She was knitting when it happened. She was nearly always knitting. She couldn’t focus unless she was doing something with her hands and then, once her hands were occupied, she thought only about the movement of her fingers.
Elaine was making a sweater for herself. She only ever made things for herself. She wasn’t married, had no children, and her brother had died in a car accident fifteen years prior. In addition to knitting, Elaine was shopping around her novel manuscript about a single older woman with no children who avenged her brother’s death in a car accident by killing the drivers of the other car. By shopping around she meant that she took the novel manuscript with her wherever she went in a rolling briefcase for whenever she ran into a writer or editor that could help her get the novel published. A person could find writers nearly everywhere if they looked hard enough. She sat through readings and talks, yarn spinning around her fingers until the author was finished speaking and then, when the writer was left exposed, she would thrust the pages of her novel into their empty, vulnerable hands. Elaine had given out dozens of copies of her book this way. She sat around waiting for the phone to ring with a book offer, knitting herself sweaters and listening to the white noise of the printer making a new copy of her novel.
No one told her that work was cancelled when the apocalypse happened, which she found mildly irritating because she could’ve used the commute to make further progress on her sweater. The following three days she called into the office to see if work was still cancelled and when no one picked up she settled in her lazy boy chair with her knitting needles and yarn. It was not unlike her yearly staycation that she took every spring in lieu of flying somewhere to visit someone as she had no one to go see. Elaine only began to feel a sense of panic when she ran out of yarn and realized that the craft store was also closed and the craft store was never closed on a Friday at 4pm. It felt like the end of the world to Elaine. This was because it was. She did not speak in hyperbole.
Elaine lived in a medium sized city. She had moved there for a job opportunity and never made friends outside of work. There were a couple women her age that she often saw at readings, also toting rolling briefcases behind them that she occasionally said hello to, but they had never hung out separately from the arranged function. The city didn’t look any different than it always looked. The buildings were still standing, but everything was empty and silent. Elaine considered the possibility that everyone had just picked up and left without her. She often had this feeling of being left out, a feeling that was somehow worse than the thought that the entire city lay dead in their homes.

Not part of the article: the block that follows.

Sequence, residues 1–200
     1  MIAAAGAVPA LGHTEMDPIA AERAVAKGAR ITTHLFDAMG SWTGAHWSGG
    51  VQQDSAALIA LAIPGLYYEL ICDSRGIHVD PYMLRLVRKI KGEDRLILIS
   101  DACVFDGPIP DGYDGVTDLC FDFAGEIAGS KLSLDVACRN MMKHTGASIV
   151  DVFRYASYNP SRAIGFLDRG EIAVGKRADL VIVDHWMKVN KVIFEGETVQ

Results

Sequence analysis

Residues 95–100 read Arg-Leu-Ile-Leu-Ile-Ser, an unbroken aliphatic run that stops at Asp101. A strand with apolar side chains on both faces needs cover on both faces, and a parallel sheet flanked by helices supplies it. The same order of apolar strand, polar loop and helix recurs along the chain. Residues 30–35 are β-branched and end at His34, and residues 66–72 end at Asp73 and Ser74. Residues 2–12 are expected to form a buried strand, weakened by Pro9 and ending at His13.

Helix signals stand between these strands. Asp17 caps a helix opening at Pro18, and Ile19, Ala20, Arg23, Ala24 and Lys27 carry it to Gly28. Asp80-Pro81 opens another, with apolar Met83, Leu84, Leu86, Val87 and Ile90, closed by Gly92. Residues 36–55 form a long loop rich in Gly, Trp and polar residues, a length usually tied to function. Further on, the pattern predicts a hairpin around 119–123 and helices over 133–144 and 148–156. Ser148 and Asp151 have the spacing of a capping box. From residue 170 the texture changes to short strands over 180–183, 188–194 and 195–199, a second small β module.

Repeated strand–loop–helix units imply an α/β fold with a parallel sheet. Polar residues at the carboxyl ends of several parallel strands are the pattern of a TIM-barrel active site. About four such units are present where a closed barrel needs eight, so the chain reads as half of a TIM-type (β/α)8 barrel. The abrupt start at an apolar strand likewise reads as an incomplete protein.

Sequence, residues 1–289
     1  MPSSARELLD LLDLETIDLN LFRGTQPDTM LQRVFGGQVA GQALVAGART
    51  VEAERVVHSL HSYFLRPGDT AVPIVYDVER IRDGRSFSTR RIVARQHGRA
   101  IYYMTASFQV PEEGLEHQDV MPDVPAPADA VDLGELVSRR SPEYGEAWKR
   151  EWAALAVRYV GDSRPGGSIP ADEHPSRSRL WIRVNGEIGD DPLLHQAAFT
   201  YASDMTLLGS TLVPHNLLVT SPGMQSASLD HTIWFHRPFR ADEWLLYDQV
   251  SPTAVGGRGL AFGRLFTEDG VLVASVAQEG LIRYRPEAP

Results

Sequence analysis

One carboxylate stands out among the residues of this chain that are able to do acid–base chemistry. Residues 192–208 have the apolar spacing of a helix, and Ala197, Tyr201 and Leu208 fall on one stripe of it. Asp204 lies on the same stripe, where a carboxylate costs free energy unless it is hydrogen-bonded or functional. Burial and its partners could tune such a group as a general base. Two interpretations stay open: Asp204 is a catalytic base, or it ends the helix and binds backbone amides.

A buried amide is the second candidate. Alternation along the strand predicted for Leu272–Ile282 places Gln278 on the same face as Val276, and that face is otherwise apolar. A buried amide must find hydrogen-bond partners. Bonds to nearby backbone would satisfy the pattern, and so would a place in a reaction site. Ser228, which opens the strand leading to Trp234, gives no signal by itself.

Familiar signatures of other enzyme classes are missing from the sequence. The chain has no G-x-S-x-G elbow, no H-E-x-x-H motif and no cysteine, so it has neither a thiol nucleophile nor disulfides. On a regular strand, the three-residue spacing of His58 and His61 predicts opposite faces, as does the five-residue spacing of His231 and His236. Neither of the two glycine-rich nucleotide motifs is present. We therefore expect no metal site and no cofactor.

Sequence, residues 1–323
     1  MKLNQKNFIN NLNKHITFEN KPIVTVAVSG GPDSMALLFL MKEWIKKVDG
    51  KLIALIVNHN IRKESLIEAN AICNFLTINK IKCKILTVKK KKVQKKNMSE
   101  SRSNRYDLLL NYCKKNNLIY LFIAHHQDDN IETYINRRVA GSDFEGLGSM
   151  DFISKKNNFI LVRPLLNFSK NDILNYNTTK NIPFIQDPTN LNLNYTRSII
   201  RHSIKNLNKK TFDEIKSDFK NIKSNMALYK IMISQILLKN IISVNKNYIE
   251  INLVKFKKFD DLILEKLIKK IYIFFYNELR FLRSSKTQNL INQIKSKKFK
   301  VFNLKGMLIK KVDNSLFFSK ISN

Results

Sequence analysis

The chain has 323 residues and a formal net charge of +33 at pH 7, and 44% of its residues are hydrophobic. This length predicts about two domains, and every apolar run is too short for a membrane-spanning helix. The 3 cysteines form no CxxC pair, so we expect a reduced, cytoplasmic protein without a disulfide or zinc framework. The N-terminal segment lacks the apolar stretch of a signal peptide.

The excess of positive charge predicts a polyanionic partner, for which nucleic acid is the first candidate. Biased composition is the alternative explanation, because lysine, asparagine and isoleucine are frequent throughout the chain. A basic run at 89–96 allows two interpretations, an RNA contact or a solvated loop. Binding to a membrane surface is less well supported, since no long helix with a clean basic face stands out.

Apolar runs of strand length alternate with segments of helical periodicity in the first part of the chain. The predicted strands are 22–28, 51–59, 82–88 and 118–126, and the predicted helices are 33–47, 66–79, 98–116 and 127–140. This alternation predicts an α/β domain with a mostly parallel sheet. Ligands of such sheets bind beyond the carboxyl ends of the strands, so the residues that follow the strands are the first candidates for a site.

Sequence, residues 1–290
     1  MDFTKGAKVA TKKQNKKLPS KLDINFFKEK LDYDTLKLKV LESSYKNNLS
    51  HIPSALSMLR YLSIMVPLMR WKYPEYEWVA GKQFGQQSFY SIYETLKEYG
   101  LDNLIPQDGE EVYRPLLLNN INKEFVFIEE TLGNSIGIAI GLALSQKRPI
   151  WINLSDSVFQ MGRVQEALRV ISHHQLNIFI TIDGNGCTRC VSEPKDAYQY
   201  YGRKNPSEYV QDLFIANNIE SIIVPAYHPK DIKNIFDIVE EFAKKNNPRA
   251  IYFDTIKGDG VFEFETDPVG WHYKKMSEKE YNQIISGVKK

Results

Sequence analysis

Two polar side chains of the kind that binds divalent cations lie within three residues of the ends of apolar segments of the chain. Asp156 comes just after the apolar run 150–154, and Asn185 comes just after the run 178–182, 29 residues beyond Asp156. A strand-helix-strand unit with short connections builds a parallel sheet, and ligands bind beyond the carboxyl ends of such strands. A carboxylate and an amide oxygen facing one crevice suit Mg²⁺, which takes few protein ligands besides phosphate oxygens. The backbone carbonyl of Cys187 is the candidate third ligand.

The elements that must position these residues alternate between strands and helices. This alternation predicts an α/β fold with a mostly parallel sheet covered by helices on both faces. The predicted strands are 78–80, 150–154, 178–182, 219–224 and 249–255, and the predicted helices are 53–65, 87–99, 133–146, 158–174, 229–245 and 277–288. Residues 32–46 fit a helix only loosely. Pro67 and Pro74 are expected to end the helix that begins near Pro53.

Without any yarn, Elaine didn’t know what do with herself. She tried turning on the television to see what was happening on the news, but only white noise appeared. Then, the following day, the power went out completely and then the water went out and Elaine was left alone in her home with no power, no water, and no yarn.
With nothing left to occupy her hands, Elaine took to the streets. There wasn’t much gas in her car. Elaine was one of those people that always liked to push the tank as far as it could go before it emptied. Luckily, she had her rolling briefcase. She packed two peanut butter sandwiches, a bottle of water, what she’d finished knitting of her sweater, and her novel manuscript.
It had been years since Elaine had walked more than a couple of blocks. She didn’t consider herself to be out of shape because she never did anything that made her tired. Her body was capable of taking her from the parking lot to the grocery store, the parking lot to the craft store, of sitting for hours on end while she worked on her various knitting projects. Her body did all the things it needed to do until the world ended.
She grew tired faster than she had expected. She had thought she would reach some sort of outcropping of new civilization before hitting the point of exhaustion. Really all that it took was three blocks, her rolling bag prone to overturning on the uneven streets. She sat on the curb and began to cry, an action that never looked attractive on her face. While she cried, a rumble started on the streets. She was certain that this rumble indicated some further death of the earth, an earthquake or volcano, but then the women appeared, in their oversized skirts and sweaters and sensible shoes, dragging their rolling briefcases behind them. They had formed a cluster, a cluster that created a rumble of wheels on the street. Elaine recognized the two women she had seen in readings before, their faces flushed with sweat.
Though they were tired, the women were full of hope. Elaine felt a renewed strength in her limbs as she joined the back of the line. She felt comforted by the orderliness of it all, the line suggesting they had a purpose, some plan going forward. There were murmurs of a publishing house that survived in New York. The journey was many miles. It would take them weeks and months to get there. These were not women that gave up easily. These were women that dragged their lives behind them in rolling bags.
Tasha Coryell is an MFA Candidate in Fiction at the University of Alabama. She has recently had stories at [PANK], The Collagist, and Word Riot. Excerpts from her novel “This Isn’t Really About Fishing” have appeared on Hobart and Cartridge Lit.